RTE Concert Orchestra: Irish group brings creative program to Beijing
By Shen Li
After a series of New Year concerts in Shanghai and Suzhou, RTE Concert Orchestra has arrived at the National Center for the Performing Arts in Beijing with a joyous blending of Chinese and Irish favorites. 
Thursday marked a milestone in the orchestra's history, as they made their debut in Beijing, guided by renowned conductor David Brophy and featuring Chinese violinist Ning Feng and Irish fiddle player Zoe Conway.
This may be the orchestra's first visit to China, but their sound is familiar to Chinese audiences.
Part of the Eurovision song contest in 1994, the orchestra performed for the hugely successful traditional Irish dancing show Riverdance, which later became a favorite in China.
Conductor David Brophy talked about the troupe's first tour in China, the challenges of leading the dynamic orchestra, and his love for music of every genre.
/RTE Concert Orchestra Photo

/RTE Concert Orchestra Photo

CGTN: The program you've brought here is quite diverse. You have classical music, traditional Irish music, also music from Lord of the Rings. Why this versatile program for a Chinese audience?
David Brophy: The RTE Concert Orchestra in Ireland is known for their versatility and they play all sorts of music. What they play here in Beijing is only a small part of what they play. In Ireland they play rock, pop music, opera, they play with DJs, contemporary music as well. 
The Chinese audiences are really respectful. We feel it on stage that they appreciate us playing. I know that they enjoyed it. And they have affinity with Irish music and Chinese music, because Irish music is written in pentatonic languages as well (he plays on the piano). When we played a traditional long chord for the encore, the audience goes "Hey" and that's what we do in Ireland when we hear traditional music. And it feels like we have this connection.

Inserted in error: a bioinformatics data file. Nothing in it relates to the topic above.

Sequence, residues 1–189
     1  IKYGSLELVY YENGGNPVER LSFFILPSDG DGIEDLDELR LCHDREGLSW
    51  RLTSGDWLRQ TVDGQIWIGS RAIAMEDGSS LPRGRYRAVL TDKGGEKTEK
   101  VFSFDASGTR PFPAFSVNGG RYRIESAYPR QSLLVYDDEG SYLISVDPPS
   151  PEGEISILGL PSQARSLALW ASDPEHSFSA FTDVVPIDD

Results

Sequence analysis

RTE Concert Orchestra Photo

RTE Concert Orchestra Photo

CGTN: What has been the biggest challenge leading this very unusual orchestra?
David Brophy: A famous conductor once said that the orchestra was a hundred-headed monster, which is not really, but every orchestra you work with is a challenge. And with the RTE orchestra, we have a smaller string section. There's very few orchestras in the world with small string strength that plays a repertoire like we play. Also some of our members play traditional instruments outside the orchestra. So people of the orchestra has a lot of different interests, they are not just interested in classical music. They are interested in a lot of things and that makes my job easier.
David Brophy, conductor of the RTE Concert Orchestra /RTE Concert Orchestra Photo

David Brophy, conductor of the RTE Concert Orchestra /RTE Concert Orchestra Photo

CGTN: How do you keep yourself creative when conducting works that has been played for generations?
David Brophy: The big question for me is always why. Why did the composer write this, why are we playing this. And then find answers. And music for me is finding answers to puzzles in my head and how to interpret the music. And obviously you try to make it interesting for the players as well.
The RTE Concert Orchestra will next head to Shenyang' Shengjing Grand Theater.